The study explains the diabetes-producing process of follistatin.
The main source of follistatin is your liver.
Follistatin promotes the breakdown of fat from adipose tissue (body fat).
That sounds like a good thing. Taking fat out of your adipose tissue is what millions of Americans are trying desperately to do with diets, exercise, supplements, and gimmicks.
However, this process leads to the accumulation of fat in your liver. That leads to nonalcoholic fatty liver disease, and then to diabetes.
According to the study, follistatin levels do fluctuate according to your consumption of food and your exercise – and to pregnancy.
However, sustained high levels of follistatin lead to the accumulation of fat in your liver, leading to diabetes.
Many of us want to remove fat from our rear ends, but the liver is not a good alternative place to store it. Let’s lose it entirely.
The author of the study told one website, eating balanced and healthy meals and getting regular exercise were still important to reduce your risk of Type 2 diabetes.
So, are Follistatin Supplements a Diabetes Risk for Bodybuilders?
Apparently, nobody has studied this yet.
Many bodybuilders are taking follistatin supplements because it inhibits myostatin, so it’s promoted to bodybuilders as a supplement that will help them build more muscle.
Many of the studies suggesting follistatin enhances muscle growth, however, were done with mice.
Currently, there aren’t enough studies on healthy people to back up this claim.
But that’s not stopping many bodybuilders from taking follistatin supplements.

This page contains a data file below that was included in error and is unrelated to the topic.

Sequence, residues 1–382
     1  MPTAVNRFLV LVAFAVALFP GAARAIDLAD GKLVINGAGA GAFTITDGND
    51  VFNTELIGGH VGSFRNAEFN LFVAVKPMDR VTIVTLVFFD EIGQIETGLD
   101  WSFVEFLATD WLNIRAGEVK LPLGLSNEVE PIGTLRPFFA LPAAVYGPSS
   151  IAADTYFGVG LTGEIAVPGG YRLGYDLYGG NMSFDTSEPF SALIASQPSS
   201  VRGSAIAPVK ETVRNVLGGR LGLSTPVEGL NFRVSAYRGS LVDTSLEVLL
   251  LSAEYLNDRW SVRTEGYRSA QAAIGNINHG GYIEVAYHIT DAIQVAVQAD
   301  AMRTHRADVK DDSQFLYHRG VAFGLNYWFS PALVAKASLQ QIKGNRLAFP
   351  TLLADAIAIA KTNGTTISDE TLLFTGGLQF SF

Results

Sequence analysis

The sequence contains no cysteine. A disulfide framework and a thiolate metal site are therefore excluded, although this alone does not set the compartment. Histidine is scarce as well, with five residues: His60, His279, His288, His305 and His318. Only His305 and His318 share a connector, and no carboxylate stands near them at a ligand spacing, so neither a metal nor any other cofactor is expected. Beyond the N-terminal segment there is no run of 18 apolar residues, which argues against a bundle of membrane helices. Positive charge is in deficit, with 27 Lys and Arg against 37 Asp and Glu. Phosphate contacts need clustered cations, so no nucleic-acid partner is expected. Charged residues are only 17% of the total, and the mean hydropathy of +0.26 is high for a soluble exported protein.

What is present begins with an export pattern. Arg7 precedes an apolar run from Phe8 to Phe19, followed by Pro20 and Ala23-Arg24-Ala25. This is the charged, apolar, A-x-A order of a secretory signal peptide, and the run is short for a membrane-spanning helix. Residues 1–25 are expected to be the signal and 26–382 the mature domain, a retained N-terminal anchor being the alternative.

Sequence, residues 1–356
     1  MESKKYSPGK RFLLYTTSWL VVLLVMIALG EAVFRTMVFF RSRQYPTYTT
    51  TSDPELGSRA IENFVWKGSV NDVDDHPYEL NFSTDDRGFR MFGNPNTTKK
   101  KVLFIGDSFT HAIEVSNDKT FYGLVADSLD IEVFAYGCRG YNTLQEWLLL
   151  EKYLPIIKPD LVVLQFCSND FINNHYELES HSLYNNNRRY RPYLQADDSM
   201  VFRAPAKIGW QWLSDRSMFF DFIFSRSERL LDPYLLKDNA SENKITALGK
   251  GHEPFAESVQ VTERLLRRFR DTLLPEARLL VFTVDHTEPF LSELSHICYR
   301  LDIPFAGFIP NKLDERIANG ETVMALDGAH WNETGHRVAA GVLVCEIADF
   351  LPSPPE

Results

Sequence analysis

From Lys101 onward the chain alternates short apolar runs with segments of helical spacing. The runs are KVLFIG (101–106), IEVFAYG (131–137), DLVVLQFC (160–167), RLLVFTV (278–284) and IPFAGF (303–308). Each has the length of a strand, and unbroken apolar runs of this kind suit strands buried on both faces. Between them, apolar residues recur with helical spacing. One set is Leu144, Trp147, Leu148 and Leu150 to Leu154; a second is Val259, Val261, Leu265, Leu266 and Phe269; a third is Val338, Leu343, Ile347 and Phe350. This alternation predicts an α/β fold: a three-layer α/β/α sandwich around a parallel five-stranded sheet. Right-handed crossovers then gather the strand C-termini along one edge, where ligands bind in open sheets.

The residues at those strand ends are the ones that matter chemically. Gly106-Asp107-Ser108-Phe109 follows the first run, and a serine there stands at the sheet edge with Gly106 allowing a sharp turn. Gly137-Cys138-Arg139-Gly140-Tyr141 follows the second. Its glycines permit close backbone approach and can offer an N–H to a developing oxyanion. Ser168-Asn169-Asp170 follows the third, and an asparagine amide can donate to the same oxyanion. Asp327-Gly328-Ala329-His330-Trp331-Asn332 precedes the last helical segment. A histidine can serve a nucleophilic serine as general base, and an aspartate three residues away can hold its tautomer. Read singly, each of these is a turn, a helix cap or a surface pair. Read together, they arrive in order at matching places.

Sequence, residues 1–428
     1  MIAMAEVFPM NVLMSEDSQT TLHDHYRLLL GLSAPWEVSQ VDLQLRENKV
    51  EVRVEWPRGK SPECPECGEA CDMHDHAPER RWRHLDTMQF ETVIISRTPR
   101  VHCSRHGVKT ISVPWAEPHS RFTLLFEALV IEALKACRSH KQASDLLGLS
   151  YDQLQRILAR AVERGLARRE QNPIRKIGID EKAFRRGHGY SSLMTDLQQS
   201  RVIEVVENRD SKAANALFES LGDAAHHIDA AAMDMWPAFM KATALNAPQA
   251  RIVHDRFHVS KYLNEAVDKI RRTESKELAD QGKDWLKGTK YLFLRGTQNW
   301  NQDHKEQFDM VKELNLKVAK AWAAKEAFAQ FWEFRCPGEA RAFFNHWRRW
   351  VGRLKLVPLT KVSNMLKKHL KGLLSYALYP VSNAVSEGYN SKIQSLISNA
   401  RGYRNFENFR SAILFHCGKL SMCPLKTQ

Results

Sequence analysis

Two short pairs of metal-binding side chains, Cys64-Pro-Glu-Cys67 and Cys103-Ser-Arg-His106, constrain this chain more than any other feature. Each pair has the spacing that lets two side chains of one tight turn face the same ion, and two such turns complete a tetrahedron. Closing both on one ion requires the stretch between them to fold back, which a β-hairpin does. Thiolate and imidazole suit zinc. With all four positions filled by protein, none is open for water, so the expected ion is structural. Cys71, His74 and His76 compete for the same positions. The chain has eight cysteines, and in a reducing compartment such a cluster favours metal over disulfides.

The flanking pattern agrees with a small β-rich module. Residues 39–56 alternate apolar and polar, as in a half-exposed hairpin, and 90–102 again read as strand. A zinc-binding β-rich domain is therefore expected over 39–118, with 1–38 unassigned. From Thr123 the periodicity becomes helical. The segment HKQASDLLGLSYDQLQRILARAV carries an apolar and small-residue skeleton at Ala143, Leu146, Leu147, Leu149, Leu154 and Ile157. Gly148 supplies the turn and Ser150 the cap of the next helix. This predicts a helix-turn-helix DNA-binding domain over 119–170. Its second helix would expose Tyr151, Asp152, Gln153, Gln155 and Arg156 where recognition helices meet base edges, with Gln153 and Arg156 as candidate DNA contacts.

Some bodybuilders promoting follistatin also claim it prevents loss of muscle mass.
A few studies on people with muscular dystrophy and older subjects with age-related loss of muscle mass indicate it may delay the loss of muscle mass.
However, there’s not enough research to say that definitely.
Follistatin may help with male pattern baldness and reproductive health. (Seminal fluid is full of follistatin – making me wonder whether anybody is researching that.)
Cancer Risks – and Benefits
Research shows follistatin is associated with some cancers – but seems to protect against others.
Why? Obviously, that makes no sense. We need a lot more research.
If you’re a bodybuilder or other athlete, build muscle the old-fashioned way – by working out.
Muscle tissue does promote healthy metabolism, so that should help protect you from diabetes unless you stop working out and gain lots of fat.
Although follistatin appears far less risky than steroids, why take any chances?
If you insist on taking a follistatin supplement for muscle gain, try cycling it. Maybe one month on, one month off. According to the researchers, the risk comes from having chronically elevated follistatin levels.
If you just want to lower your follistatin to lower your risk of diabetes, healthy eating and exercise are clearly safest, though not necessarily easy.